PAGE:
It’s falling with style

Tuesday, 30 March 2004 — 12:25pm | Animation, Film

This comes a bit late, but since Friday there have been reports of Disney going ahead on Toy Story 3. This is, in a word, problematic.

When Pixar’s contract extension negotiations with Disney fell apart earlier this year, one of the stumbling blocks just begging for trouble was Disney’s retention of sequel rights. This is the result: the possibility of a second-rate, non-Pixar Toy Story movie – and one likely going straight into cinemas.

Let’s be very clear about one thing: second-rate sequels of any sort have no place existing at all, but given that studios nowadays are greenlighting such hotly-anticipated titles as Baby Geniuses 2, let’s accept that they are a very real threat. The least you could do is relegate them to a second-rate medium (i.e. direct-to-video) where you can exploit the pocketbooks of uninformed parents all you want without disturbing the peace for the rest of us. Franchise projects like this are a veritable sinkhole for a studio’s marketing dollars and come bundled with a theatrical print release strategy known as “clogging the rivers with their dead.” In the end, nobody wins, except for the execs who point to the opening-weekend figures and think they made money, ignoring the fact that said figures are nowadays more indicative of hype than lasting appeal. The result: Toy Story 4.

Worthwhile sequels in general are rare enough, and when it comes to animation, there is perhaps only one, that being Toy Story 2; and before you heckle “The Rescuers Down Under?” let’s not pretend for a moment that it is on equal parity with John Lasseter’s seminal masterpiece. The point is, the reason why Toy Story 2 escaped DTV Hell at all was because to understate its quality, it was a cinema-worthy project made by cinema-worthy storytellers.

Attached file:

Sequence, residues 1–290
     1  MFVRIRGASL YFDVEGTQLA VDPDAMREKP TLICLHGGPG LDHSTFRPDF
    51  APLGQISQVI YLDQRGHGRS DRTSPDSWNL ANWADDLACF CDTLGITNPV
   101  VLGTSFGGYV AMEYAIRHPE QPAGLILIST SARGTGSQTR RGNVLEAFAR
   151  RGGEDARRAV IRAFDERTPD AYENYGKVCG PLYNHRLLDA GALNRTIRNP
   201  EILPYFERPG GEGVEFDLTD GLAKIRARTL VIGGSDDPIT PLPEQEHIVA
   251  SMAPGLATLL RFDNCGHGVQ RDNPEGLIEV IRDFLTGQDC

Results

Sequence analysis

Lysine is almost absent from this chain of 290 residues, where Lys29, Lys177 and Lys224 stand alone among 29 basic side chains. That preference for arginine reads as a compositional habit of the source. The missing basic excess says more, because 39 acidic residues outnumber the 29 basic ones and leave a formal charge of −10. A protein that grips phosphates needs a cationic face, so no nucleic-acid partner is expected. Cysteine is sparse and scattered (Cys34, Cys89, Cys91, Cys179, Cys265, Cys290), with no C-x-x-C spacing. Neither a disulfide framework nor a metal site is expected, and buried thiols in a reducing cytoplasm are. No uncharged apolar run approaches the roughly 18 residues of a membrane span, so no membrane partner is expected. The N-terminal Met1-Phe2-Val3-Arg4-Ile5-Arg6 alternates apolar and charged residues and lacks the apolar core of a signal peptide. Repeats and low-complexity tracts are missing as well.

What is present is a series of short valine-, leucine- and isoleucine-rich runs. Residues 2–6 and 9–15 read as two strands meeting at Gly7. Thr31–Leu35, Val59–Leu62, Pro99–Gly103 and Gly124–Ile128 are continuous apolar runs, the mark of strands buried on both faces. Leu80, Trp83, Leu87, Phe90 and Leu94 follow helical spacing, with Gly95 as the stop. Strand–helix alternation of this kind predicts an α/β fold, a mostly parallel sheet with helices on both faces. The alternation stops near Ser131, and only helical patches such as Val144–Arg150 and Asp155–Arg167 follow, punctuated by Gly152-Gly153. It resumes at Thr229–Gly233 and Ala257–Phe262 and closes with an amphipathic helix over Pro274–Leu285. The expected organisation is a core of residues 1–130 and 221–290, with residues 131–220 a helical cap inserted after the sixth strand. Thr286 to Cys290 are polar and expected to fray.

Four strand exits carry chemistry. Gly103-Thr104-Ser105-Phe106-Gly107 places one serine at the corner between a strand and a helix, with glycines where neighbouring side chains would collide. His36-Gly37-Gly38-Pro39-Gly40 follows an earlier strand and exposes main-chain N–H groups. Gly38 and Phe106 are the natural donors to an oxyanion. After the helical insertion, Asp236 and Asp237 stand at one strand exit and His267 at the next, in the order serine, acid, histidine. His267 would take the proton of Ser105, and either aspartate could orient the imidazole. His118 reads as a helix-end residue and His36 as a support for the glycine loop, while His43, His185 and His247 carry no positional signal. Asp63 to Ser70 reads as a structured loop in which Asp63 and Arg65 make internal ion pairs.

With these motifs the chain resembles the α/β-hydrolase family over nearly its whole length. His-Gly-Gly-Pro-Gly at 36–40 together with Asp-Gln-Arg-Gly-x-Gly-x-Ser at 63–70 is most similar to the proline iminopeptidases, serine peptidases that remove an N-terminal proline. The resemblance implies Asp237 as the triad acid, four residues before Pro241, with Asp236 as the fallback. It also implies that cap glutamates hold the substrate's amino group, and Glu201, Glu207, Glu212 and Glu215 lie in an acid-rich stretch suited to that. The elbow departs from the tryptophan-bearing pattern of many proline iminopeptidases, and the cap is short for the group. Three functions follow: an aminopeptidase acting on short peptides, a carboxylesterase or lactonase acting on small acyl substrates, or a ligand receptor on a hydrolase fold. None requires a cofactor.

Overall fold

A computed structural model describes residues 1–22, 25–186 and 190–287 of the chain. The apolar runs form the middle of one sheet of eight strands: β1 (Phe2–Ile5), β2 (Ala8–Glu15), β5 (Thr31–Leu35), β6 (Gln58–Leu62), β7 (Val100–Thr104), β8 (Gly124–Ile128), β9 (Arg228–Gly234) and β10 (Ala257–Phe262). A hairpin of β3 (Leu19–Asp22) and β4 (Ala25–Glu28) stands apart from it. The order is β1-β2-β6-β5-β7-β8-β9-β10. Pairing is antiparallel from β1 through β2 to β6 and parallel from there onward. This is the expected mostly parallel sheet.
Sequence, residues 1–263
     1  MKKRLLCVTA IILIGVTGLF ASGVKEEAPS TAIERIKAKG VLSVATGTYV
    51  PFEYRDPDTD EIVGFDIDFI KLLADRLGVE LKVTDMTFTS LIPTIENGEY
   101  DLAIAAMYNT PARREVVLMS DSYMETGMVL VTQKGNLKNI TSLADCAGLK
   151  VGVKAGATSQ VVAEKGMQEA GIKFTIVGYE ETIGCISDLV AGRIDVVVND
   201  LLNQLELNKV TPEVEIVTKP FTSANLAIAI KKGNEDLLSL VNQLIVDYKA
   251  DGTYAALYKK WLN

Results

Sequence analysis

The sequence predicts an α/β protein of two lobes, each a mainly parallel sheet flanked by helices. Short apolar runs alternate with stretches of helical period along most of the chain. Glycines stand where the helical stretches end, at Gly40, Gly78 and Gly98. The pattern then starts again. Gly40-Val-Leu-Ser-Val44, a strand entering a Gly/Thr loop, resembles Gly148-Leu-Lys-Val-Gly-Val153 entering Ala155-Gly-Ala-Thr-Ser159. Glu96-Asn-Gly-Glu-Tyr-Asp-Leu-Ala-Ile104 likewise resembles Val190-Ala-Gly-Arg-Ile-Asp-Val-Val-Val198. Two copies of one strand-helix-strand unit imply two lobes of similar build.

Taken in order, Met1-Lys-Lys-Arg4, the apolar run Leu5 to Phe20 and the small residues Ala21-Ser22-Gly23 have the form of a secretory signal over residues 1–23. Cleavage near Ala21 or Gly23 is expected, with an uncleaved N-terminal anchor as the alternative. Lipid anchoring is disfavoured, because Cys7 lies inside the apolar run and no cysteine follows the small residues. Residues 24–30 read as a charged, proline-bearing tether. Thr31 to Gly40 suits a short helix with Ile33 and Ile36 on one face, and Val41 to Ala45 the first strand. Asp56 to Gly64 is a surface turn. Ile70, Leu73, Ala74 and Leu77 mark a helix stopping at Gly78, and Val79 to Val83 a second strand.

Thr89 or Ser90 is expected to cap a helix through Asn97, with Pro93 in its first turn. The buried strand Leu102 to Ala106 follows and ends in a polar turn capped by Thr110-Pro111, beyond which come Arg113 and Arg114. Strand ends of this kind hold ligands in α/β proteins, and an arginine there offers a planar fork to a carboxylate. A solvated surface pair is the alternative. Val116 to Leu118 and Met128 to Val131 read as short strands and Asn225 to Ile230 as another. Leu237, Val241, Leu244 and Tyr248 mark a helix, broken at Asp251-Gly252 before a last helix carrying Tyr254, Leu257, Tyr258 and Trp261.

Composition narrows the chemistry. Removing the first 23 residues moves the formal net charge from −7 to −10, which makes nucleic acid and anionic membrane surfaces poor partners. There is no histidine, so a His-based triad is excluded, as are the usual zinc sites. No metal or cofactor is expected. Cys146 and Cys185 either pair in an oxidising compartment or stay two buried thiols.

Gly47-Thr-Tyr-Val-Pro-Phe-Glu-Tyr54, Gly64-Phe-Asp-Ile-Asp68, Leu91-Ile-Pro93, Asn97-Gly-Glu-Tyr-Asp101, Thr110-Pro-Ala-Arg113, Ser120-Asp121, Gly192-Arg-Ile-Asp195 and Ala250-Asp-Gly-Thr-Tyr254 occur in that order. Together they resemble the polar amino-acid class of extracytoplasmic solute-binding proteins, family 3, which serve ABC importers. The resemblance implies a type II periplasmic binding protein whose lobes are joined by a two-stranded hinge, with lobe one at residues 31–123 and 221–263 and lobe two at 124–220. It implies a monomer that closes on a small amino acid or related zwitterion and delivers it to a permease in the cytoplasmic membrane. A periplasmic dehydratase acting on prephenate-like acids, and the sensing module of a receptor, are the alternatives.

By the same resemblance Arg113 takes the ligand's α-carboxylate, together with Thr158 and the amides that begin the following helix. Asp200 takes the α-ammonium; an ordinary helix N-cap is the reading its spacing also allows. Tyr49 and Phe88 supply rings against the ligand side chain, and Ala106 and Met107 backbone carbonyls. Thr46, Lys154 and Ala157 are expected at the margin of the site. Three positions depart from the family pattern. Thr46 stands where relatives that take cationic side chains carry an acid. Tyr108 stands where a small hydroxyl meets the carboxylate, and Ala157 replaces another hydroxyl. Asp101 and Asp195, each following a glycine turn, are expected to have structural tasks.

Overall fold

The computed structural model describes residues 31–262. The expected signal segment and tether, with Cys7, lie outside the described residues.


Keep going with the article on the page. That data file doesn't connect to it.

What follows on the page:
Apparently this sent the Mouse House the message that DTV-quality sequels can still make a lot of money at the multiplexes, hence the silver-screen treatments of The Jungle Book 2 and Return to Neverland, which nobody remembers, and with good reason. This is backwards thinking. The other form of backwards thinking we’ve seen recently is how Pixar’s nine-digit returns on every single film has sent Disney the message that CG is automatically salable. What they are forgetting is that the likes of John Lasseter, Pete Docter and Andrew Stanton actually know how to make movies, while the only in-house CG feature we’ve seen from Disney tried to rip off The Land Before Time and couldn’t even do it right. But lest I waste more valuable keystrokes flogging this deceased equine, I will defer to this editorial entitled “Why Pixar’s films are more ‘Disney’ than Disney’s”, which explains it a whole lot better than I could here.

The best solution, of course, is a coup at the top of Disney’s chain of command like the shareholder revolt last month, only successful. Ejecting Michael Eisner could mean repairing the Pixar-Disney relationship, which implies there will thankfully be no Toy Story 3 unless and until there’s a worthy idea to back it up. Furthermore, as explained in a lot more detail in this Jim Hill article, this may resolve the issue of which distributor picks up Ratatouille in time for a projected 2006 release.

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